To: Commander Simpson Robinson, Commander Battlestar Frode
From: Major James Carver Chief IT Officer Battlestar Group 34.
It has come to my attention that the CNP program that fleet command is demanding be installed has been exempted from several stages of the code review process. Further very little if any penetration testing was done before or after the order that made it mandatory.
I have raised by objections to the Ministry of Defense and received vague reply from Gais Baltar the head of the project.
His reply merely raised my concerns further. This is Information Technology 101. It may be a simple navigation update, but if it is not fully vetted, it does not belong on any warship. Please approve my request to conduct a full penetration test when the installation is complete on the Battlestar Gemini.
Regards and congratulations on the birth of your second granddaughter. I am looking forward to the day when my son does something with his life and gets the process started.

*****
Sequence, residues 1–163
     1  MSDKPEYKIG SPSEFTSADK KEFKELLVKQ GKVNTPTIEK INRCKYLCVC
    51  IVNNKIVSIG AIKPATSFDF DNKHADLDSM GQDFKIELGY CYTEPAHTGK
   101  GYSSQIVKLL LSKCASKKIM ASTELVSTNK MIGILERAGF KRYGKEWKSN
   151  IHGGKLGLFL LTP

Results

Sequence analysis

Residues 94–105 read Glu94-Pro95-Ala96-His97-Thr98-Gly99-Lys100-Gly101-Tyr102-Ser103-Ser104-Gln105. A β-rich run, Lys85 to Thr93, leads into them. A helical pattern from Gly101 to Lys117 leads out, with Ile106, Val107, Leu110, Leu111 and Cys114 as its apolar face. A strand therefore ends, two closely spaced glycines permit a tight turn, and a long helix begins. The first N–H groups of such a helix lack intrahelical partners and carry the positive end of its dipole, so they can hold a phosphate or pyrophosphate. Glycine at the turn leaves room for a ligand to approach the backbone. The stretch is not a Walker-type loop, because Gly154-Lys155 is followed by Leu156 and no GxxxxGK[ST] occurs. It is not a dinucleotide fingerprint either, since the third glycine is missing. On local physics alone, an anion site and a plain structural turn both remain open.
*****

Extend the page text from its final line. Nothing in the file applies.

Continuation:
Major James Robinson
Chief IT Officer Battlestar Group 34.
“Was there a reply?” Lawson asked.
“Yes,” the major answered. “The request was approved,”
“He totally compromised the Battlestar and shut down the FTL nav computers.”
“How long before the attacks?”
“Frack!” Lawson said. “What happened when they sent the results to Fleet Command?”
“There is another email message.”
She tapped some keys and another email came up with another message with a different profile picture. Apparently Carver liked to rotate his profile picture.
To: Commander Simpson Robinson, Commander Battlestar Frode
From: Major James Carver Chief IT Officer Battlestar Group 34.
Subject: It is negligence to ignore the results of the pen (penetration) tests and install CNP.
It is dangerous and reckless to go forward with the installation of CNP. It has been proven to have vulnerabilities and I will not sign off on its installation on any ship in this Battlestar group.
How do you suggest I proceed with regards to fleet command?
The reply showed that Robinson was dealing with fleet command and the IT Chief was directed to backlog the software installation. Carver replied there were a few broken down supply raptors that would get the program first.